|MadSci Network: Neuroscience|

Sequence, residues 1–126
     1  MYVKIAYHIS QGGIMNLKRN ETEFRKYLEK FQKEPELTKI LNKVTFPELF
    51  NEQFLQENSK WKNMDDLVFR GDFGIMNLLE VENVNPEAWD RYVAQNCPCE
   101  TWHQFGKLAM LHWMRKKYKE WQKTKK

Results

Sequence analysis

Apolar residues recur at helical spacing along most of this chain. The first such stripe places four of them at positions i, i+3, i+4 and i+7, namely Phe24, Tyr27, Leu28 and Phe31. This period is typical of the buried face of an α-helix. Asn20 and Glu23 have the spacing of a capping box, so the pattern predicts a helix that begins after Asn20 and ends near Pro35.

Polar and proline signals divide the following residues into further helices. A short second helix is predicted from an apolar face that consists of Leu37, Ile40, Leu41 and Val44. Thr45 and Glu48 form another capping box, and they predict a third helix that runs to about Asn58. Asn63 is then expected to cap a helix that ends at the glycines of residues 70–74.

The tongue has one of the largest representations both in motor cortex and sensory cortex of any appendage. It's role in basic taste/odor as well as communication and sensation makes it a major attentional "draw" for the brain (try and ignore a bad taste or not play with a loose tooth with it). When you are carrying out a difficult task, (particularly one which is both motor and sensory based such as playing a musical instrument), sticking out your tongue while it is compressed between your lips is providing a static "white noise" signal across a big chunk of your brain. With your tongue stuck in place outside the mouth, you rapidly habituate to that signal and are not likely to be distracted by sensory input from your mouth, or tempted to do things like talk to yourself. Alternatively, some people when they are deep in thought, but not necessarily concentrating on a specific task, often leave their mouths open and their tongues slightly protruding, but NOT compressed. One potential explanation for this is that if you are not paying much attention to your surroundings, "tasting" the air is a very old way to stay attuned to what's going on without actually paying attention. So you see, the same organ (tongue) can actually help maintain your attention internally or externally based on your behavioral manipulation of it.
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